Why is a self-described chubby white-haired little granny still riding at 62 and intending to ride for as long as possible? Read Chrissy McDonnell’s entertaining tale of a lifetime of devotion to two and three wheels, then tell us your story about motorcycling.
Granny Chrissy’s story
I was a late starter in the motorcycling stakes only getting my licence at the age of 31 in 1987. I had four children under 9 at the time and a husband who really disliked the idea of my getting on a motorbike. We lived in Gladstone, Queensland and I learned to ride through the Queensland Road Safety Council’s Stay Upright program. The trainers would travel down on their bikes from Rockhampton on a Sunday morning to conduct our lessons in the local shopping centre carpark … no Sunday trading back then! All the other riders in my class were young men and most already had some experience riding trail bikes around on bush blocks, but me; I could barely ride a bicycle! One of the senior trainers took me aside one morning and quietly said they’d noticed I tended to steer around corners. I was baffled, how else do you make the bike turn? He tried again. “You know, you lean, like you did when you had a bike as a kid.”
“Lean? Lean! But I’ll fall over!” Anyway, I never owned a bike as a kid. He rubbed his face with frustration, rolled his eyes and asked me what I thought I was doing here then. Properly needled by now, I told him I thought I was here paying him to teach me how to ride. Which, to his credit, he did. Of course, I didn’t pass that course and wasn’t allowed out on the road ride at the end of it, but they did let me do it again for free and I passed with flying colours. At the time we even had to learn how to ride over a very narrow pivot ramp as well as the usual figure eights etc, so it was a very thorough method of teaching good skills. Our training bikes were kick-start Kawasaki trail bikes and I well remember the huge bruises on the back of my right calf from lifting my foot off too soon!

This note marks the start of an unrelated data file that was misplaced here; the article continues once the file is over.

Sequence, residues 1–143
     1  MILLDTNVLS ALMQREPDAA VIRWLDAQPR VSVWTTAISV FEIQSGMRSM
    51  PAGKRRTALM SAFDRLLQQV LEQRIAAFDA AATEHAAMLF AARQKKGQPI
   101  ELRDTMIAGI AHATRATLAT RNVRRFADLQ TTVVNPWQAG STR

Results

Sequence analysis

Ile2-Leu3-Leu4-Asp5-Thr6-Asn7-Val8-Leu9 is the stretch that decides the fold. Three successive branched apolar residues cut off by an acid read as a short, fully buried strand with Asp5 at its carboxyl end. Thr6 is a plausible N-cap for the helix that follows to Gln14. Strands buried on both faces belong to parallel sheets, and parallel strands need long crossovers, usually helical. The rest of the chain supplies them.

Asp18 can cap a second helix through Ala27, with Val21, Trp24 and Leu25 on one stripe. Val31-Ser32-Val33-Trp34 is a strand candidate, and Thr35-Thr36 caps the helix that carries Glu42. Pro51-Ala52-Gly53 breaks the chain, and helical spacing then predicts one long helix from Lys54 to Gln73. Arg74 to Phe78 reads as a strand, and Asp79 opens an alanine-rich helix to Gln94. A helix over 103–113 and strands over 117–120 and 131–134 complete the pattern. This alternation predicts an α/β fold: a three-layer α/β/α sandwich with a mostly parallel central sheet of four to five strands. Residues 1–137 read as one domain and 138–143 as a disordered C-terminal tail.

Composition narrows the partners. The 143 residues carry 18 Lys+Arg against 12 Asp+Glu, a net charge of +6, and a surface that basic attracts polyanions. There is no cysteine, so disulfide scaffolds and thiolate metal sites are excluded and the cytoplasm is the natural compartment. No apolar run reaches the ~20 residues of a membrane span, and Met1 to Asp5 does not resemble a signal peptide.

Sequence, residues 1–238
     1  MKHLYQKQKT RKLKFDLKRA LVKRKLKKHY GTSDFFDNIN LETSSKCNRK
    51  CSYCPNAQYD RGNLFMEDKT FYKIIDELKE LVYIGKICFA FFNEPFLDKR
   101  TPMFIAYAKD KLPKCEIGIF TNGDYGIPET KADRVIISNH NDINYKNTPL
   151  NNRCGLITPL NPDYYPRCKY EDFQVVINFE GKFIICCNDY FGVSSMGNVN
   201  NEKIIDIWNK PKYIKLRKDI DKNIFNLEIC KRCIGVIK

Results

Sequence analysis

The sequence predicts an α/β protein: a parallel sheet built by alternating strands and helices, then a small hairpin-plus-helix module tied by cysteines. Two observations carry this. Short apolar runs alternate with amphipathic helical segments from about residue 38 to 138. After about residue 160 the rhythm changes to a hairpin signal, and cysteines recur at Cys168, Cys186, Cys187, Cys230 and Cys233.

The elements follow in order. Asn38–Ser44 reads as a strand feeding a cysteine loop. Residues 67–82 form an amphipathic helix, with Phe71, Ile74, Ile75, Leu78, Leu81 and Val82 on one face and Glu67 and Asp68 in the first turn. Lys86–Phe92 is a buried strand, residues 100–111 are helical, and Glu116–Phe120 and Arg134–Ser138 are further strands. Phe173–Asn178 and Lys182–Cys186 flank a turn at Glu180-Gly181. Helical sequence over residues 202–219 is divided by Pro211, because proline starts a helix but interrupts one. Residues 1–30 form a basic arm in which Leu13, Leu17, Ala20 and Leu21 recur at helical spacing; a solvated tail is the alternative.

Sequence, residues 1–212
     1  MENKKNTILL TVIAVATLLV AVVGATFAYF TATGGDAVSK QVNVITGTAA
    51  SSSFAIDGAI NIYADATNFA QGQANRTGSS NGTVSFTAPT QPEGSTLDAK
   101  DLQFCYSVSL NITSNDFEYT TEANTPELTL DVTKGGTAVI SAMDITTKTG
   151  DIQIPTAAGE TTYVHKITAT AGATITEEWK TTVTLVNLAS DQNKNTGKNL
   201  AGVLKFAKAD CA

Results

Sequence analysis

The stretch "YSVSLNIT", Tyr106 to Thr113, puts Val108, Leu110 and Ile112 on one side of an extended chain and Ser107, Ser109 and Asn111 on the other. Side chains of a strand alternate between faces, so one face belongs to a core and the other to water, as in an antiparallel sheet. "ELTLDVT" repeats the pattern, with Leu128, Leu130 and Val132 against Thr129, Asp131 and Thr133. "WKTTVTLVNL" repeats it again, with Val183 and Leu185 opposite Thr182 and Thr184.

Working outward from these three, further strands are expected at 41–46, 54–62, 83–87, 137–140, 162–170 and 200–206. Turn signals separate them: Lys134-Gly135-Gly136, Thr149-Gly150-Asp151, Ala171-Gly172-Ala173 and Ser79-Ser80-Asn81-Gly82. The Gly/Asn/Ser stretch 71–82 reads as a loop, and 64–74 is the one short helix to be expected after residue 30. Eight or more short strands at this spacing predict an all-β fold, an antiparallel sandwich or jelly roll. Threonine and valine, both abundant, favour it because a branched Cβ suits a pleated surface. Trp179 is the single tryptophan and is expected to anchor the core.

My first motorcycle was a single-cylinder Yamaha SR185 and I spent many happy early morning hours before the family woke up riding around town and down to Gladstone Harbour to watch the sun come up over the harbour islands and the dolphins play in the creek. The local takeaway shop got to know my regular order of a bacon-and-egg jaffle and a coffee which they’d cover in Glad Wrap so it wouldn’t spill in my panniers. I’d park the bike and sit on one of the picnic tables by the creek to have my brekky, soaking in the peace and dream about what adventures I might have with my motorbike once the kiddies were grown up. One small funny thing that happened was one morning after I’d taken the four kids to school, I’d intended to go for a nice ride, got myself dressed (I was very slim back then and wore black leather pants and jacket and had a silver full face helmet) and on the way out noticed my elder seven-year-old son had left his lunch on the bench. I decided I’d take it to school and put in into his schoolbag just outside his classroom. As I was tiptoeing past the classroom’s open door – helmet still on as I was wanting to make a quick getaway – one of the kids spotted me and called out “Look, Phil’s mum is a robot!”. I wasn’t the most popular person with Phil that afternoon when I again turned into his “normal” Tarago-driving mum for the school pick-up.
Well, fast forward a few years and I find myself divorced in my late 30s and starting life all over again. I soon purchased another motorbike because my husband had pressured me to get rid of my little SR180 and I’d missed it so much. My next bike was another Yamaha, this time a shaft-drive SR535 Virago, a great choice for any rider just starting out. Seats of most bikes were so very high in those days, so being only 165cm tall meant that cruisers were really the only sensible option at the time. Living in Brisbane by then, I used that little bike to commute 80km each day to and from work in the city and the money I saved on horrible public transport funded the repayments, not to mention that I saved a whopping 8-9 hours each week in door-to-door commuting time.